In a decoupled farm income-support policy, the government eliminates the price floors and stops buying surplus commodities. Instead, the government simply pays farmers a transfer payment in order to raise their income. For a time, the government did just that. The lump sum payments, called transition payments were based on past production levels, so farmers could do whatever they thought would be most profitable in the market place and still received the same payment to help support farm income. These straight income support payments were similar to the Earned Income Tax Credits except that the amount a farmer received did not drop once his market income exceeded some level.

The advantage of these new policies is that they produced less distortion in the market place, meaning they have a smaller impact in terms of changing farmers' behavior. Because the lump sum payments were fixed, farmers made current decisions without regard to their income subsidy.

Right now, people receive many benefits (welfare, unemployment, Medicaid, food stamps (or SNAP), and on and on) that they can lose as their incomes rise. As I showed here, the way benefits phase out means that an increase in the minimum wage or a low-wage worker simply getting a raise in the marketplace without any government help can lead to an implicit marginal tax rate of over 50 percent. This is bad policy as it means the working poor (or non-working poor thinking of taking a job) face steep penalties for earning more money. The impact of such poor policy is that the government is discouraging low-wage workers from earning more money and eventually escaping from the government's anti-poverty programs altogether.

Government improved farm policy when it moved to "decouple" support payments from behavior. The parallel for low-wage workers would be to make the EITC and other benefits more a function of past work or earnings so that workers received income support without having such a big disincentive to increasing earnings. Right now, telling workers that the government will take over 50 cents of every extra dollar they earn is surely affecting many low-wage workers' decisions. After all, that is a higher tax rate than the one percenters face.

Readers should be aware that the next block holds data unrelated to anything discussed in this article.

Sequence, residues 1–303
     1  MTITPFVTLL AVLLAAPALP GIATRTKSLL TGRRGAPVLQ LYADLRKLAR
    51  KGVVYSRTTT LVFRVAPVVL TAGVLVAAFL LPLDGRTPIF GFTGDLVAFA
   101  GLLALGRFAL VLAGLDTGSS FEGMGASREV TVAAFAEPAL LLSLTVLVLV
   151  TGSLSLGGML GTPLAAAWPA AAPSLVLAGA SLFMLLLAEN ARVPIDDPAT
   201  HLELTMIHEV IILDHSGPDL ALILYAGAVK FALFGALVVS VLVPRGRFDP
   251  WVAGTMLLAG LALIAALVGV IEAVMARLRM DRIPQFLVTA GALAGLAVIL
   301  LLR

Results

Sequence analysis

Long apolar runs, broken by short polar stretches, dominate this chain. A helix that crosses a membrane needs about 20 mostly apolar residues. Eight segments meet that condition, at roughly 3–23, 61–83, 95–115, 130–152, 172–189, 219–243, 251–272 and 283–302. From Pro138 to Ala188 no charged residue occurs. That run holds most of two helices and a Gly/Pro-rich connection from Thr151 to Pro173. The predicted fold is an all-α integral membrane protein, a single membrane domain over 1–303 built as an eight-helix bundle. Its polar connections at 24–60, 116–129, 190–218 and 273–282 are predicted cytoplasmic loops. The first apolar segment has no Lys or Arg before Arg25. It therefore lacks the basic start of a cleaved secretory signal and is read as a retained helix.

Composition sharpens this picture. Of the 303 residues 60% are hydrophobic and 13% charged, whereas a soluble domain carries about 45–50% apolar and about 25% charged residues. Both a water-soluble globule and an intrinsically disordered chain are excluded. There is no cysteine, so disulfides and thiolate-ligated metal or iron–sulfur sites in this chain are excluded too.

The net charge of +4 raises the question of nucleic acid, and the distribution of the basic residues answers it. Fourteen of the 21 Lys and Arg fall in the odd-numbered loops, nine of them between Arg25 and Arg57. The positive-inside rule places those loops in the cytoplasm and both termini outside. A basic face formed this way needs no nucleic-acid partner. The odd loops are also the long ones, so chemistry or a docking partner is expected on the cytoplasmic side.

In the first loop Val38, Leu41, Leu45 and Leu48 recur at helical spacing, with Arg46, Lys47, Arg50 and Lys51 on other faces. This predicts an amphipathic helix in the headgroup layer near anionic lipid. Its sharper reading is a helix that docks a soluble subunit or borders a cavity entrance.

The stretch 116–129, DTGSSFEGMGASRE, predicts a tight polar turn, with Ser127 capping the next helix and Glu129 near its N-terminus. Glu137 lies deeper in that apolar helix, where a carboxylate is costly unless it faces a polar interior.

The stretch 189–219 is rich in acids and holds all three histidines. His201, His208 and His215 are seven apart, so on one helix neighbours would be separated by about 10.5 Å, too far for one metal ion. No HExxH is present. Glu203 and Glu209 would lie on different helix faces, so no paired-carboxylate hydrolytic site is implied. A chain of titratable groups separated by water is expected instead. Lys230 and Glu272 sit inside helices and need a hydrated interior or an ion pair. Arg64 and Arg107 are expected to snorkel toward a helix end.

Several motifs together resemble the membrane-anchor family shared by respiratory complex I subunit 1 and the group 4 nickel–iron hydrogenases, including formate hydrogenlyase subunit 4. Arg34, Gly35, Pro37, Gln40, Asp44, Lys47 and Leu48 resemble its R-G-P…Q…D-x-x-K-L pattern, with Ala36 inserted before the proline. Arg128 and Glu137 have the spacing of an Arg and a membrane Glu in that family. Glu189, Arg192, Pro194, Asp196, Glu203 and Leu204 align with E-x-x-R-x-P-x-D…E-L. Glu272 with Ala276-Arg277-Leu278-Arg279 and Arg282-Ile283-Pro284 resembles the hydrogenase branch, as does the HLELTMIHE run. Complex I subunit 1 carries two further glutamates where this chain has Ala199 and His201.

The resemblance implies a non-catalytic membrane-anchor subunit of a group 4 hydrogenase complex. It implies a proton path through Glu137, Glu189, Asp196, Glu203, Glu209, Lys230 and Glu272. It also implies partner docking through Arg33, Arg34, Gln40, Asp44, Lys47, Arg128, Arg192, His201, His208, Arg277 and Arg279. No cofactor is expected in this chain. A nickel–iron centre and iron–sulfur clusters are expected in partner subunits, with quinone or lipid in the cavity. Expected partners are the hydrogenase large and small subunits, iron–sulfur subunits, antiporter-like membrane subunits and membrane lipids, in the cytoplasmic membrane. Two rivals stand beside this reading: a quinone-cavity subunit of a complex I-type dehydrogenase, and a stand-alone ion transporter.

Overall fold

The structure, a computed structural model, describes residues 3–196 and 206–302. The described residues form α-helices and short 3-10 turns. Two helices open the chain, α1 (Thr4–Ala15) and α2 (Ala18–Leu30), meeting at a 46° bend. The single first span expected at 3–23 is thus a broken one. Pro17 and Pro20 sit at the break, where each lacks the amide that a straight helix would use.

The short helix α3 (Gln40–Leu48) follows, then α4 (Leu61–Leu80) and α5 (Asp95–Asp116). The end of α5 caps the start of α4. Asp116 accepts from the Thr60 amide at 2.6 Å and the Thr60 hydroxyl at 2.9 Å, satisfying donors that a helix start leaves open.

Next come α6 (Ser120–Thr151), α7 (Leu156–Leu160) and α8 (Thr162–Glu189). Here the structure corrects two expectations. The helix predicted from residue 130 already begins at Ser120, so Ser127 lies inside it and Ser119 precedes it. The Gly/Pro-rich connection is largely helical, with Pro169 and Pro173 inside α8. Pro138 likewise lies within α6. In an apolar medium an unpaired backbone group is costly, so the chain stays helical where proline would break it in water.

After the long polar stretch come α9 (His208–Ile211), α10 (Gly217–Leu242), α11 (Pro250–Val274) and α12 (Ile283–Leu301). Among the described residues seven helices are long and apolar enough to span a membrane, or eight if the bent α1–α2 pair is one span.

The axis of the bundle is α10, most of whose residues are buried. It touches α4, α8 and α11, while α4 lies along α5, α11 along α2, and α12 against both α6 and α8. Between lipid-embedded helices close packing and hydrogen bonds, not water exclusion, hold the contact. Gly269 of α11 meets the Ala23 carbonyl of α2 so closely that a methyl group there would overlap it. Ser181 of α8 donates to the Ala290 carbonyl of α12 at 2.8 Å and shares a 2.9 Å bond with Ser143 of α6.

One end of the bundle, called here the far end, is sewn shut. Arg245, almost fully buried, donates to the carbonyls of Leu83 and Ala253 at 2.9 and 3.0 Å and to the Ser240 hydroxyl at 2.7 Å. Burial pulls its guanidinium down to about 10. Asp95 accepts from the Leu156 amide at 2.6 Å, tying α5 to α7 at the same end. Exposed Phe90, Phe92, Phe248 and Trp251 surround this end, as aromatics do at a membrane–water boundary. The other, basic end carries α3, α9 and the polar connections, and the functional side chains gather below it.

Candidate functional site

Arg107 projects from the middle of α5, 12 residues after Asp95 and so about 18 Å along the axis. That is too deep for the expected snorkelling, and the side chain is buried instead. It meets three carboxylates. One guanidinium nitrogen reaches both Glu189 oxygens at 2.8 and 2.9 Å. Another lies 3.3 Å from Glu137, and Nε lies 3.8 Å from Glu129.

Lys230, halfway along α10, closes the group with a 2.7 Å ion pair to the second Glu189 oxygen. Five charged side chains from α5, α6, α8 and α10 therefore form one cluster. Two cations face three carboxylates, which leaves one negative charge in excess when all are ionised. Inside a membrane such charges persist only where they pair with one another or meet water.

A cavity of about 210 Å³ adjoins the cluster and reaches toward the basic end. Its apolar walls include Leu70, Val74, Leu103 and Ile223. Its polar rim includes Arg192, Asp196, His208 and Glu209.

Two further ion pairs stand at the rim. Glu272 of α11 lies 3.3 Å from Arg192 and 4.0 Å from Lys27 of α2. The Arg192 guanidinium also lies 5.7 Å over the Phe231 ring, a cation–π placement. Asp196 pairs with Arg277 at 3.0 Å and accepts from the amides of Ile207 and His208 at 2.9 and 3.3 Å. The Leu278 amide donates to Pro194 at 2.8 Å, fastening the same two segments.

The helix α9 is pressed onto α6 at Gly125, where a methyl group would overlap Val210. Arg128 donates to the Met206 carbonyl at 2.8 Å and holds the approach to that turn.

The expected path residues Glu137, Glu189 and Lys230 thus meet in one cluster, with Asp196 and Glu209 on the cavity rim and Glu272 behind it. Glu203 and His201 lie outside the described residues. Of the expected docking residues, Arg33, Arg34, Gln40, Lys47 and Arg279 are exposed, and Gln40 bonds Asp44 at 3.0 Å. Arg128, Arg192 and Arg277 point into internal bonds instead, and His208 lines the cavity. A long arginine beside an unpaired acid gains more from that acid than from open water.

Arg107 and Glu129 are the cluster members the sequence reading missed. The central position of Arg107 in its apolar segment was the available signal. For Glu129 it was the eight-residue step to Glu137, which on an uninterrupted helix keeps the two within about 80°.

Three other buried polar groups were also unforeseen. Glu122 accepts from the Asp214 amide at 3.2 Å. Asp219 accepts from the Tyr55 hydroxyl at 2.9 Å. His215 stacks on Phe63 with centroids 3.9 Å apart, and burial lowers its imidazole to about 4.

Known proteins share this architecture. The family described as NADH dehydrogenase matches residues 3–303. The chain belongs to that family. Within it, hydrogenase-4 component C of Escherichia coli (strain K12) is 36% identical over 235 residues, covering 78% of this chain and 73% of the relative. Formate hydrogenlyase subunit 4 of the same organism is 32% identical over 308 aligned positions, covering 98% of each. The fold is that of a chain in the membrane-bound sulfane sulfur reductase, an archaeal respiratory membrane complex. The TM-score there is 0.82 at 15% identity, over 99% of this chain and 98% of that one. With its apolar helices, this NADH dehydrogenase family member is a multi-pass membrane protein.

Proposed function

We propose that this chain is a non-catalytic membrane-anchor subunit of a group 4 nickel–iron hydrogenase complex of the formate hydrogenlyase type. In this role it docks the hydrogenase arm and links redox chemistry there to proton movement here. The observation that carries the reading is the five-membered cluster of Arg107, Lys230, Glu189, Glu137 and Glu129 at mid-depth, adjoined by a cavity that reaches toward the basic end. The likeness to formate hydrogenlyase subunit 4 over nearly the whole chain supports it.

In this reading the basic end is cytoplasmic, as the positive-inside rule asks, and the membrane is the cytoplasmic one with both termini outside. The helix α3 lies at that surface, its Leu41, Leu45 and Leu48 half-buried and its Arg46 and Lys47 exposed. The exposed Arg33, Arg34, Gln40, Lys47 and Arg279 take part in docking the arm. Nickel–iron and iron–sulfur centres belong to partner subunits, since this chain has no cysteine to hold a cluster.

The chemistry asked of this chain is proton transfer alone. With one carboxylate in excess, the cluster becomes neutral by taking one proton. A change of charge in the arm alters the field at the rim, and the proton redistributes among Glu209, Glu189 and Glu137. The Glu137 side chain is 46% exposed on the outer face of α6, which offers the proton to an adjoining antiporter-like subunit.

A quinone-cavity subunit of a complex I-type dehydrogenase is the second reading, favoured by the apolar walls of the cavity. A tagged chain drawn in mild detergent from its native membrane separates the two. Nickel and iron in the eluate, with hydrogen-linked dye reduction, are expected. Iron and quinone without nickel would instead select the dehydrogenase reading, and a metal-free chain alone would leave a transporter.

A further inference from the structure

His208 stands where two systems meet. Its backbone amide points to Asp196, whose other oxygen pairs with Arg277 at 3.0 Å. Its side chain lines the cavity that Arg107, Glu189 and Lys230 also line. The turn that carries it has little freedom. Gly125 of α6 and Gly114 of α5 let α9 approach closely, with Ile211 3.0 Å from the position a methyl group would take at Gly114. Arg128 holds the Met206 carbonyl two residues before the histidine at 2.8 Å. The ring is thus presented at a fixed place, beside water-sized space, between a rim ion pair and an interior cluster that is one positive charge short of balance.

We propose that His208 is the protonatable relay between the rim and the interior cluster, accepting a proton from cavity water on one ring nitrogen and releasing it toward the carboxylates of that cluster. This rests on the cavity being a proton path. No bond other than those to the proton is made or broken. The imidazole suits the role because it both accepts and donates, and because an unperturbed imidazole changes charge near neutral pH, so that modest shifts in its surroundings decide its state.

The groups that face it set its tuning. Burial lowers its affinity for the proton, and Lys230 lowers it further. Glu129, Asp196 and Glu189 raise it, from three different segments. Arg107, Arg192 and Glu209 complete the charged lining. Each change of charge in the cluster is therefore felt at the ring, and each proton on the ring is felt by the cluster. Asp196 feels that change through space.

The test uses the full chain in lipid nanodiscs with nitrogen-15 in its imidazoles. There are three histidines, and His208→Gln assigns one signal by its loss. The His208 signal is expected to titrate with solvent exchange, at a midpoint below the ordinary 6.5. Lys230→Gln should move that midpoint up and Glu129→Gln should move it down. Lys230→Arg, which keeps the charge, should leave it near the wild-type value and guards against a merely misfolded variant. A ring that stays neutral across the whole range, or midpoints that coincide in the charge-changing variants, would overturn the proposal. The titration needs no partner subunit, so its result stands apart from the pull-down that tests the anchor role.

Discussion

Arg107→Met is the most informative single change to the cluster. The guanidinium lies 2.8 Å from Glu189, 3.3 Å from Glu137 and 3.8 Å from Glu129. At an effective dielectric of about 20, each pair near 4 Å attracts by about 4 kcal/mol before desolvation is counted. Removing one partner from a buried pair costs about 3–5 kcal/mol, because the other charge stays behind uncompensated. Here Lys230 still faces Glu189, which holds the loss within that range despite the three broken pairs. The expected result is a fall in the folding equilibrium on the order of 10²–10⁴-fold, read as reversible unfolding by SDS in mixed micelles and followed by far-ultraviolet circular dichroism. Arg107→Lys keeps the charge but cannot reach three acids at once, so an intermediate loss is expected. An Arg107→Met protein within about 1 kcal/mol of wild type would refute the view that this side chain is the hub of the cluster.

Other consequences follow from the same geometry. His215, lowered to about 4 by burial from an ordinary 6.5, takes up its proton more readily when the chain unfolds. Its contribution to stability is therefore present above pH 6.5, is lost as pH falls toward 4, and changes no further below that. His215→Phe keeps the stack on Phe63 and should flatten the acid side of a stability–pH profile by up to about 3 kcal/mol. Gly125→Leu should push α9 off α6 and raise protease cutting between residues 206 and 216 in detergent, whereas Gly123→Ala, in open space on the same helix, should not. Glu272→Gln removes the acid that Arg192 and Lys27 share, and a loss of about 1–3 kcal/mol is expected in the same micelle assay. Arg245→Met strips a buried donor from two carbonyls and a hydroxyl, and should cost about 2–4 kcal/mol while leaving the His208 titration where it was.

Rather than raising the minimum wage or forcing more benefits into pay packages through regulation (like health insurance or paid sick leave), what is needed to efficiently help the poor is a more "decoupled" policy. At a minimum, the Earned Income Tax Credit should phase out more slowly, perhaps reducing the implicit tax rate to 25 percent, the rate paid by middle and upper-middle class households.

With a smaller penalty to higher incomes, workers' decisions would be less distorted by the government policies that are meant to support them. Fewer market distortions will mean a better allocation of labor in the marketplace and eventually less poverty. The government already learned how to decouple policy in the agricultural arena; we don't need to reinvent the wheel. The current anti-poverty policy has had a fifty year run without solving the problem. It is time to give a decoupled policy a try.


Jeffrey Dorfman is a professor of economics at the University of Georgia, and the author of the e-book, Ending the Era of the Free Lunch